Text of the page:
David Zwirner is pleased to present an exhibition of early work by American ceramicist Robert Arneson (on view at the gallery’s 537 West 20th Street location). Closely associated with the countercultural California Funk movement of the 1960s, Arneson was integral in elevating ceramics from mere craft to a valid form of aesthetic expression. This exhibition brings together a grouping of Arneson’s seldom seen early works that simultaneously demonstrates the genesis of his unique artistic vocabulary and underscores his tremendous influence on generations of artists working in clay.
Having made his living as a high school (and sometimes college) ceramics teacher, in the spring of 1962, the still relatively unknown Arneson accepted a teaching position at the University of California’s Davis campus. Thanks in particular to the antiformalist leanings of its faculty, the newly established art program quickly gained a reputation for being a hotbed of experimental and conceptual work. Arneson's ceramics studio in particular became a focal point of artistic exchange and his students, including Bruce Nauman, would often stay there late into the night.
It was during this developmentally fertile period that Arneson began to experiment with subject matter and to develop his own distinctive iconography with overtly grotesque and often humorous works. His ceramic sculptures possessed a distinctly Funk aesthetic, expressed through an insistence on figurative imagery, non-traditional techniques and materials, and low cultural subject matter, grafted on to the forms of quotidian objects–a West coast modulation of the Pop aesthetic. Arneson's deliberately taboo and vulgar visual puns challenged accepted notions of what constituted appropriate subject matter both for art and for the medium of ceramics, which at the time was primarily relegated to the realm of crafts.
Throughout the 1960s, Arneson produced highly charged and highly sexualized work that stood in stark contrast to the Minimalist constructions made by his contemporaries in New York. Drawn from public and private collections, the exhibition includes roughly 20 works that clearly show Arneson's artistic development and also prefigure his later work, which delves even further into the topics of identity and the self, as well as political upheaval and war. Highlights from the exhibition include several "Trophies," Arneson's first cohesive body of work made between 1963 and 1965. These debauched accolades, such as Jack and John (Trophy) (1964) and Sex-Life Trophy (1965), explicitly embody his turning against convention by introducing incongruous and shocking elements such as phallic forms, breasts, and human excrement onto trophies. Arneson's subsequent series of toilets both expands and literalizes even further this strand of inquiry. In works like Throne (1964), he playfully suggests a double entendre between a toilet (colloquially referred to as a "throne") and a ceramic object (which is "thrown" on a wheel). Toaster (1965), which depicts a human hand reaching out of a conventional toaster, represents one of Arneson's earliest engagements with politics. A swastika emblazoned on the side of the object alludes grimly to Nazi ovens and the inescapability of the legacy of that horror in our day-to-day lives. Also on view here is Arneson's seminal work Self Portrait of the Artist Losing His Marbles (1965; Collection of the Museum of Art and Design, New York), his first full-scale ceramic self-portrait and a breakthrough in his career. The genre of selfportraiture, which is rife with art historical implications, would preoccupy Arneson for the majority of the 1970s and come to constitute some of his most-known work.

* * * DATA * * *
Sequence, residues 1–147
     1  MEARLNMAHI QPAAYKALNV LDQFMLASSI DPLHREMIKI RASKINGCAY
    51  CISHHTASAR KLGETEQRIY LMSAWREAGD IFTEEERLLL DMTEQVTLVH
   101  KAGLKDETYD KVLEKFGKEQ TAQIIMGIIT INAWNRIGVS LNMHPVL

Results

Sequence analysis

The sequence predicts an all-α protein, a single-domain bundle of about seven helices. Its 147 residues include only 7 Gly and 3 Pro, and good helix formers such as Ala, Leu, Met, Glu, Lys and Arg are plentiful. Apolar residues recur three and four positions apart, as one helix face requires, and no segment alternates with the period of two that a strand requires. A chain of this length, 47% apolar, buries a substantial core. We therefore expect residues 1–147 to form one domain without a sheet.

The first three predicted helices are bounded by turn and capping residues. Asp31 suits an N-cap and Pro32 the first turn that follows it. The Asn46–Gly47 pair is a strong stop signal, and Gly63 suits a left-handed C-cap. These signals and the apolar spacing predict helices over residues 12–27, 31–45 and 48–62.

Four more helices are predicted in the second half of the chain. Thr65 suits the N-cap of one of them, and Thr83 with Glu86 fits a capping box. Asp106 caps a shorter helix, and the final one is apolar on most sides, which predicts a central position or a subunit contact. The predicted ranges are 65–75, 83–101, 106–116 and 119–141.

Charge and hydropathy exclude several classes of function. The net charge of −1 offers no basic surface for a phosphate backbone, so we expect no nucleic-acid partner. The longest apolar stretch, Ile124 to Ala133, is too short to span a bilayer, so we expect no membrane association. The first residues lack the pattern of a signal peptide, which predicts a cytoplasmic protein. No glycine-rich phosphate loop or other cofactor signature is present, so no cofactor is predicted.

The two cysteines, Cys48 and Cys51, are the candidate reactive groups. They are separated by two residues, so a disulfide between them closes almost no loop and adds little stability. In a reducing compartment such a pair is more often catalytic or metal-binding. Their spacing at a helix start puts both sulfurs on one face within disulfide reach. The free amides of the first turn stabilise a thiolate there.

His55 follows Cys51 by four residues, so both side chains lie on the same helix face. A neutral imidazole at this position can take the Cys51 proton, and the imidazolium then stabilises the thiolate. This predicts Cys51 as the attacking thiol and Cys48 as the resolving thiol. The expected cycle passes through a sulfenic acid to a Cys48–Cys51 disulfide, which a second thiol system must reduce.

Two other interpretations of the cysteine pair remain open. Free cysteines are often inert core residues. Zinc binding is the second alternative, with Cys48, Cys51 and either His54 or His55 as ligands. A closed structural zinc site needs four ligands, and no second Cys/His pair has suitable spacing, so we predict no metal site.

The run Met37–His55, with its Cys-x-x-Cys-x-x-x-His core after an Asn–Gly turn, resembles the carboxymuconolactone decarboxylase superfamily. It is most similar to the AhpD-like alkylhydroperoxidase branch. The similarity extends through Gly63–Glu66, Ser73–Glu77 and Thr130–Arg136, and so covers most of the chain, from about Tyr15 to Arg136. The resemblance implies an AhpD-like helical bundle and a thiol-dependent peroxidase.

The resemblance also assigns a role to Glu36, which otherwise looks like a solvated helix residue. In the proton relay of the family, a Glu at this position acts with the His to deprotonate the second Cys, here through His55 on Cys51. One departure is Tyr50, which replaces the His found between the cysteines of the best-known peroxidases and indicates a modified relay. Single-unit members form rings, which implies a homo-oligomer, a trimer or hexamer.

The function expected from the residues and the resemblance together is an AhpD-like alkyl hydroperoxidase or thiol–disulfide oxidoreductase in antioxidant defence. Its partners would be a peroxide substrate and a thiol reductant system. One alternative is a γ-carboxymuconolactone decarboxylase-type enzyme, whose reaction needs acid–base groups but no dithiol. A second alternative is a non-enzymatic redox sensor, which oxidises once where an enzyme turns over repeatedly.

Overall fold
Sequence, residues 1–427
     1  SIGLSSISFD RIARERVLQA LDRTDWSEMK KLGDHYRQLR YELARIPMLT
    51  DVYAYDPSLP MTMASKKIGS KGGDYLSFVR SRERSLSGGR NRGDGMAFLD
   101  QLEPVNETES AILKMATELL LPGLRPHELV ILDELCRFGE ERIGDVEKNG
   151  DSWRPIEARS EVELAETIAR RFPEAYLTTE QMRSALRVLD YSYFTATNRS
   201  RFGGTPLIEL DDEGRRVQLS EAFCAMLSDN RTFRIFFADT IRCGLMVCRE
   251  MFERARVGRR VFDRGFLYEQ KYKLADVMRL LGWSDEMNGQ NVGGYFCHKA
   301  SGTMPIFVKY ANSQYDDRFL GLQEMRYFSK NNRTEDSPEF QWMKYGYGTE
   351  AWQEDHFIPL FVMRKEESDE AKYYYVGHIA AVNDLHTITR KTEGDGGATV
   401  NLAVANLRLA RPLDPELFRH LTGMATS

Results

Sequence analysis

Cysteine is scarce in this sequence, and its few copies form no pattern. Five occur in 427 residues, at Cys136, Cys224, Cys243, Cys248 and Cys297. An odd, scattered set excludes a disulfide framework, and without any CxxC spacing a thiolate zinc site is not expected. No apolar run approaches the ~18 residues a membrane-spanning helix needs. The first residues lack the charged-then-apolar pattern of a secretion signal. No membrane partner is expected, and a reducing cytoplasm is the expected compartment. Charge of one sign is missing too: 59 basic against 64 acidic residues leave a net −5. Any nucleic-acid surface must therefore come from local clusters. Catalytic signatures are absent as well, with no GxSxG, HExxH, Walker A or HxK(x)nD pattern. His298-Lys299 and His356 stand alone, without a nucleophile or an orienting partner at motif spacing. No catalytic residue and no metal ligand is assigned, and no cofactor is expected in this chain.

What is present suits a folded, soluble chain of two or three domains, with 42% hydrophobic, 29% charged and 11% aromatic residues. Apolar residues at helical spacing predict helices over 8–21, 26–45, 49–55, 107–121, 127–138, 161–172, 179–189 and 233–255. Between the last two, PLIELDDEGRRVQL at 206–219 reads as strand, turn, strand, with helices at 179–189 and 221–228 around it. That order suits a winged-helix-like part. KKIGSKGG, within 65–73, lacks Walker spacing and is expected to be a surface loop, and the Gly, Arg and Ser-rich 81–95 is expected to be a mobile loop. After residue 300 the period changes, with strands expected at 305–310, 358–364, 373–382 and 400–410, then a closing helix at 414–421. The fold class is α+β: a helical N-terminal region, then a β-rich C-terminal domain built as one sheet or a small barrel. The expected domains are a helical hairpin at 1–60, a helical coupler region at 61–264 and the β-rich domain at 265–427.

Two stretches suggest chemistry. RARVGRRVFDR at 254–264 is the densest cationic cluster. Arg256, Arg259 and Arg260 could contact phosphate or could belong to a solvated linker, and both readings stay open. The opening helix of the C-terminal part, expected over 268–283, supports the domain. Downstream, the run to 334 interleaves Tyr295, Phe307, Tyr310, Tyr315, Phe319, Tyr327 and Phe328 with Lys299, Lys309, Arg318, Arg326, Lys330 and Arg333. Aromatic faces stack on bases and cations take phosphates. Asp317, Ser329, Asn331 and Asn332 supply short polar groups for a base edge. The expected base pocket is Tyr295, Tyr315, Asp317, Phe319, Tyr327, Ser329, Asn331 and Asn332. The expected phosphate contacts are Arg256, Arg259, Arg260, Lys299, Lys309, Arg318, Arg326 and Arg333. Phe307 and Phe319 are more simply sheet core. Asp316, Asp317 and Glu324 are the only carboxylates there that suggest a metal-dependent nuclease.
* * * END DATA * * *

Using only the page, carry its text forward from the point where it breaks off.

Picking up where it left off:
Born in 1930 in Benicia, California, Robert Arneson received his B.A. from the California College of Arts & Crafts (1954) and his M.F.A. from Mills College in Oakland, California (1958). Arneson remained on faculty at U.C. Davis until 1991–just one year before his death. He has been the subject of numerous solo exhibitions at venues such as the Museum of Contemporary Art, Chicago (1974), the San Francisco Museum of Modern Art (1974), the MIT List Visual Arts Center (1991), and the Institute of Contemporary Art, Philadelphia (1992). His work has also been shown in seminal group exhibitions including Dada, Surrealism and Their Heritage at The Museum of Modern Art, New York (1968) and the Whitney Biennial (1979). Arneson’s work can be found in important public and private collections throughout the United States and Europe, including the Metropolitan Museum of Art, New York; the San Francisco Museum of Modern Art; the Whitney Museum of American Art, New York; the Stedelijk Museum, Amsterdam; and the Philadelphia Museum of Art.